Great blue herons are a delight to watch and are important members of healthy, freshwater ecosystems.

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Wikipedia

Great blue heron

This article is about the bird. For the Music Festival, see The Great Blue Heron Music Festival.

The great blue heron (Ardea herodias) is a large wading bird in the heron family Ardeidae, common near the shores of open water and in wetlands over most of North America and Central America as well as the Caribbean and the Galápagos Islands. It is a rare vagrant to Europe, with records from Spain, the Azores, England and the Netherlands. An all-white population found only in the Caribbean and southern Florida was once treated as a separate species and known as the great white heron.

Taxonomy[edit]

The great blue heron was one of the many species originally described by Carolus Linnaeus in his 18th century work, Systema Naturae.[2]

The great blue heron is replaced in the Old World by the very similar grey heron (Ardea cinerea), which differs in being somewhat smaller (90–98 cm (35–39 in)), with a pale gray neck and legs, lacking the browner colors that great blue heron has there. It forms a superspecies with this and also with the cocoi heron from South America, which differs in having more extensive black on the head, and a white breast and neck.

There are five subspecies:[3]

  • Ardea herodias herodias Linnaeus, 1758. Most of North America, except as below.
  • Ardea herodias fannini Chapman, 1901. The Pacific Northwest from southern Alaska south to Washington; coastal.
  • Ardea herodias wardi Ridgway, 1882. Kansas and Oklahoma to northern Florida. Sightings in southeastern Georgia have occurred.
  • Ardea herodias occidentalis Audubon, 1835. Southern Florida, Caribbean islands. Formerly known as a separate species, the great white heron.
  • Ardea herodias cognata Bangs, 1903. Galápagos Islands.

Description[edit]

It is the largest North American heron and, among all extant herons, it is surpassed only by the Goliath heron (Ardea goliath) and the white-bellied heron (Ardea insignis). It has head-to-tail length of 91–137 cm (36–54 in), a wingspan of 167–201 cm (66–79 in), a height of 115–138 cm (45–54 in), and a weight of 1.82–3.6 kg (4.0–7.9 lb).[4][5][6][7] In British Columbia, adult males averaged 2.48 kg (5.5 lb) and adult females 2.11 kg (4.7 lb).[8] In Nova Scotia and New England, adult herons of both sexes averaged 2.23 kg (4.9 lb),[9] while in Oregon both sexes averaged 2.09 kg (4.6 lb)[10] Thus, great blue herons are roughly twice as heavy as great egrets (Ardea alba), although only slightly taller than them, but can themselves weigh about half as much as a large Goliath heron.[11] Notable features of great blue herons include slaty (gray with a slight azure blue) flight feathers, red-brown thighs, and a paired red-brown and black stripe up the flanks; the neck is rusty-gray, with black and white streaking down the front; the head is paler, with a nearly white face, and a pair of black or slate plumes running from just above the eye to the back of the head. The feathers on the lower neck are long and plume-like; it also has plumes on the lower back at the start of the breeding season. The bill is dull yellowish, becoming orange briefly at the start of the breeding season, and the lower legs gray, also becoming orangey at the start of the breeding season. Immature birds are duller in color, with a dull blackish-gray crown, and the flank pattern only weakly defined; they have no plumes, and the bill is dull gray-yellow.[3][12][13] Among standard measurements, the wing chord is 43–49.2 cm (16.9–19.4 in), the tail is 15.2–19.5 cm (6.0–7.7 in), the culmen is 12.3–15.2 cm (4.8–6.0 in) and the tarsus is 15.7–21 cm (6.2–8.3 in).[14][15]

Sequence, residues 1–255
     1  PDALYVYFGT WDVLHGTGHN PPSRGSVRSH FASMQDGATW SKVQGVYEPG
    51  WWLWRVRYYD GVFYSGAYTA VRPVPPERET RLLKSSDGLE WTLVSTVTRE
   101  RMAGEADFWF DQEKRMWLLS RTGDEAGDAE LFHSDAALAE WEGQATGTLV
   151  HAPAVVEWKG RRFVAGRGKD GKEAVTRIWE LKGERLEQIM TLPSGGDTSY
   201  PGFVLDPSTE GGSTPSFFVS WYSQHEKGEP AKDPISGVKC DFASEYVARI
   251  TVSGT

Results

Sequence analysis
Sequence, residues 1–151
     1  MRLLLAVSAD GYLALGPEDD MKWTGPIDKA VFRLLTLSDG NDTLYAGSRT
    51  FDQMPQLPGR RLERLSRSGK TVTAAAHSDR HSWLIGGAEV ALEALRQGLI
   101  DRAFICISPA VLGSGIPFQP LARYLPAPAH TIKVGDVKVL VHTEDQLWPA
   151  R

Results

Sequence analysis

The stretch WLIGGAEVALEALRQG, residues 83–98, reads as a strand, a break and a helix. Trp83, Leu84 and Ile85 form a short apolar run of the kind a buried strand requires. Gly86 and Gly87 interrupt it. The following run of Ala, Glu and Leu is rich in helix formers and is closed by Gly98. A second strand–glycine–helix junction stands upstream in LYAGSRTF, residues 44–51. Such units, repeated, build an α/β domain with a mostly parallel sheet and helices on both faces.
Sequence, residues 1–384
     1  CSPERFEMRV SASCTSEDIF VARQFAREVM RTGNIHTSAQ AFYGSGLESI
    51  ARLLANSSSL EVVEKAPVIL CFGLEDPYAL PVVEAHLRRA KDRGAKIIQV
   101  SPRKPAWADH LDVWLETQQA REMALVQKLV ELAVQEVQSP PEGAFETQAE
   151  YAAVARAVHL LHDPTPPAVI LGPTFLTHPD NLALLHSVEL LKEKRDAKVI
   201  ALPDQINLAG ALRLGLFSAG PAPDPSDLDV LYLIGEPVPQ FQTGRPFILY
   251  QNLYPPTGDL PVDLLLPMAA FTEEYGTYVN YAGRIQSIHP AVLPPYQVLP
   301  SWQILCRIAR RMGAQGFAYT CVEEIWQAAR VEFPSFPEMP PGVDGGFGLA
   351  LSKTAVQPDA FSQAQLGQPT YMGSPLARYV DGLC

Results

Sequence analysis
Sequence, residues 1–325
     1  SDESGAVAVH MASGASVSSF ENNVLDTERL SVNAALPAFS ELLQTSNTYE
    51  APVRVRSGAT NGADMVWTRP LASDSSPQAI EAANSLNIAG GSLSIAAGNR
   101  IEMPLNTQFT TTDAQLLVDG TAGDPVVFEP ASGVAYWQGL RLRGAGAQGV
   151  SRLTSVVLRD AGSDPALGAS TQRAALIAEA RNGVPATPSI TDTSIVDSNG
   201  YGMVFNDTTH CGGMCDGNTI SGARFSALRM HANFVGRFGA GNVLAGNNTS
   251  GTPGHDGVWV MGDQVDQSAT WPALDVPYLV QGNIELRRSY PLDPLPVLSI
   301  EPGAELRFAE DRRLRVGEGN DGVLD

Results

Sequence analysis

The heron stride is around 22 cm (8.7 in), almost in a straight line. Two of the three front toes are generally closer together. In a track the front toes as well as the back often show the small talons.[16]

The subspecies differ only slightly in size and plumage tone, with the exception of subspecies occidentalis, which as well as normal colored birds, also has a distinct white morph, known as the great white heron (not to be confused with the great egret, for which "great white heron" was once a common name). It is found only in south Florida and some parts of the Caribbean. The great white heron differs from other great blues in bill morphology, head plume length, and in having a total lack of pigment in its plumage. It averages somewhat larger than the sympatric race Ardea herodias wardi and may be the largest race in the species. In a survey of A. h. occidentalis in Florida, males were found to average 3.02 kg (6.7 lb) and females average 2.57 kg (5.7 lb), with a range for both sexes of 2 to 3.39 kg (4.4 to 7.5 lb).[4] This is mainly found near salt water, and was long thought to be a separate species. Birds intermediate between the normal morph and the white morph are known as Würdemann's heron; these birds resemble a "normal" great blue with a white head.

The theory that great white heron may be a separate species (A. occidentalis) from great blue heron has again been given some support by David Sibley.[17]

Voice[edit]

Their call is a harsh croak. The heron is most vocal during the breeding season, but will call occasionally at any time of the year in territorial disputes or if disturbed.

Four calls of the great blue heron

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Nonvocal sounds include a loud bill snap, which males use to attract a female or to defend a nest site and which females use in response to bachelor males or within breeding pairs.[18] The bill snap may be analogous the territorial song of passerines.[18] Bill clappering, the rapid chattering of the tips of the bill, is very common between paired herons.[18]